On the surface, there’s nothing wrong with the NBA’s technology suggestion to players for its resumption of the 2019-20 season.
The league is making a smart ring available that tracks detailed health information in real time. The product, made by the company Oura, can sense elevated temperature. Because fevers are a primary symptom of COVID-19, that’s a useful feature these days.
But there could be unintended consequences of normalizing wearable technology in professional sports, a trend that’s gained steam in recent years. It’s a bigger deal in the long term than it might seem.
The potential problem is one of personal freedom, privacy and basic employee rights. It’s something the corporate world is already reckoning with, and in some cases leading workers to raise alarm.
Right now, health details obtained by the Oura ring are deemed personal property by the NBA. The Los Angeles Times reports the league has promised the data won’t be available to team staff except to alert of a high-probability of coronavirus illness and won’t be allowed to be considered in future contract negotiations.
Once the practice of wearing health-monitoring devices during games sticks, though, what’s to say teams won’t push for increased access? What will keep them from claiming it to be pertinent knowledge in knowing what they’re getting from the athletes they’re paying millions of dollars in the next collective bargaining agreement? Is the swelling amount of data provided to teams a threat to labor?
Language in the current CBA specifically indicates teams are allowed only to request players wear devices on a voluntary basis. Limits are set on the ways teams are able to use information collected by wearable technology in games and practices.
From the CBA: “Before a Team could request that a player use an approved Wearable, the Team shall be required to provide the player a written, confidential explanation of: (i) what the device will measure; (ii) what each such measurement means; and (iii) the benefits to the player in obtaining such data.”
Also from the document: “Data collected from a Wearable worn at the request of a Team may be used for player health and performance purposes and Team on-court tactical and strategic purposes only. The data may not be considered, used, discussed or referenced for any other purpose such as in negotiations regarding a future Player Contract or other Player Contract transaction (e.g., a trade or waiver) involving the player. In a proceeding brought by the Players Association under the procedures set forth in Article XXXI, the Grievance Arbitrator will have authority to impose a fine of up to $250,000 on any Team shown to have violated this provision.”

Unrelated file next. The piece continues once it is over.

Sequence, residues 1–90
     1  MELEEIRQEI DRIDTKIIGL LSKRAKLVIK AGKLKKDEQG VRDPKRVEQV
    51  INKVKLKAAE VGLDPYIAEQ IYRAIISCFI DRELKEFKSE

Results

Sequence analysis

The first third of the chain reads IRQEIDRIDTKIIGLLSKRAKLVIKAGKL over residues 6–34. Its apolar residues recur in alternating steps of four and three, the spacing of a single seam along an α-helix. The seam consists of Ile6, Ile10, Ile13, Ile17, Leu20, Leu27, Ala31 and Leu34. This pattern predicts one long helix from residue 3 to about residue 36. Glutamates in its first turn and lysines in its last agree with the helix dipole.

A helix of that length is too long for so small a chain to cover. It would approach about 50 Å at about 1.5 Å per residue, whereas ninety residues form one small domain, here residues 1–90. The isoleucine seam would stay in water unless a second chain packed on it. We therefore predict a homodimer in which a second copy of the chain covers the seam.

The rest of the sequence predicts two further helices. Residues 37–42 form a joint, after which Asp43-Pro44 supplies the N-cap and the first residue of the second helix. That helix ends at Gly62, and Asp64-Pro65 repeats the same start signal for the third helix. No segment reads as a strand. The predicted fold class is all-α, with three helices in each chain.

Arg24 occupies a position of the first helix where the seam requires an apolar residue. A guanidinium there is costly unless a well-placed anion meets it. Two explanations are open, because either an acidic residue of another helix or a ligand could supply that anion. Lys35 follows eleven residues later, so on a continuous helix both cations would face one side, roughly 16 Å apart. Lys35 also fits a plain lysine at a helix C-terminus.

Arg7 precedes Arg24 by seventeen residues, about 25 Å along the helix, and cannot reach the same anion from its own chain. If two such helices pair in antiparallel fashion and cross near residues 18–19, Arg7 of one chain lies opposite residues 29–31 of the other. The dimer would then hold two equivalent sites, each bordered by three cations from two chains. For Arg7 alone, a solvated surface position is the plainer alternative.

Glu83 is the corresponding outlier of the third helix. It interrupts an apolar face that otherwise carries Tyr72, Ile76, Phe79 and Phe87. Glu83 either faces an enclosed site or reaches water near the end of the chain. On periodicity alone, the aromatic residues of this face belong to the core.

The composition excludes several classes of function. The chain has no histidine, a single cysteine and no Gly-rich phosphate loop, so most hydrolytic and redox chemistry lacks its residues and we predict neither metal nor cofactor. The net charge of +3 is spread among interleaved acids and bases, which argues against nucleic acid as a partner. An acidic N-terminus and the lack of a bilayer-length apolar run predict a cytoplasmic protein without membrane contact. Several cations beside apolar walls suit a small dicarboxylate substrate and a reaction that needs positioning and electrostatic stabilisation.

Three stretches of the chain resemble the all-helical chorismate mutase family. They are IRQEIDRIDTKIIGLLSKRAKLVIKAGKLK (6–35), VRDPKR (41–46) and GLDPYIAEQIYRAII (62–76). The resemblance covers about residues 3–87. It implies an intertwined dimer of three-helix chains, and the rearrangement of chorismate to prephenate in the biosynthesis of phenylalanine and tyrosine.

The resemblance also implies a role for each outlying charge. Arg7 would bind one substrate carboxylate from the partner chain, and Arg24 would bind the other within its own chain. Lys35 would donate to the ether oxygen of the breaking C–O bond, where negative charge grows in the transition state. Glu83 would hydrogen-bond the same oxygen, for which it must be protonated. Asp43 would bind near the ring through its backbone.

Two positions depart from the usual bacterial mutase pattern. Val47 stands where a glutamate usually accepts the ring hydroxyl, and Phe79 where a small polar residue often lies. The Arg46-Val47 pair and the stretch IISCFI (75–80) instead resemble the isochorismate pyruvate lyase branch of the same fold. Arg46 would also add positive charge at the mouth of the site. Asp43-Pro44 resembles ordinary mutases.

In the corporate world, though, there are often no such protections for workers — a look at the worst-case scenario possible for the future of pro sports.
Companies incentivize workers to use tracking products such as FitBit by paying them to wear them and offering the devices at a discount or for free. They then potentally have the power to make decisions — such as promotions, demotions and layoffs — based on what they see.
When Kuzma posted his concerns about the Oura ring on Twitter, hundreds of people responded with some variation of “but your phone tracks you anyway.” Does your smart phone data end up in the hands of your bosses, though? Does it directly contribute to your career advancement? Because that’s the possible stakes of the future of team monitored wearable technology.
Another expected counter to concerns about the Oura ring and similar technologies is that teams already have an abundance of information anyway. Players regularly get screened by club doctors and undergo invasive medical procedures under the blessing of their employers. Many of the details regarding their personal wellbeing is already compromised.
That might be true, but the real-time aspect of wearable devices and ability to measure a wide range of internal performance details takes things a step further.
This isn’t the first time athletes have faced the prospect of wearable technology encroaching on their rights. These products have been around for years, and other leagues have actually gone further than the NBA in their acceptance of them. The NFL, for example, dove into radio frequency identification technology a couple of years ago and hasn’t looked back, making it the basis of its NextGen Stats program. It also allows the use of collected data from shoulder pad chip inserts in contract talks.
Athletes are not cars. They should be valued by how they perform in the workplace and by their external athletic traits, not by how fast their heart beats on a fast break. What happens under the hood is their own business.
So when NBA players consider using the Oura rings in the coming months when they return to the court, they should continue to consider the long-term implications of such a move. There should be in-depth discussions going on within the NBAPA determining ways to keep wearable technology in check moving forward that can be implemented the next time it comes to the bargaining table with the league.
No infringement on personal freedom is ever marketed in a sinister manner. Instead, products are presented as a way to simplify or help the lives of users.
Sometimes the trade-offs are worth it. Sometimes they’re not. They should at the very least be thought about critically.
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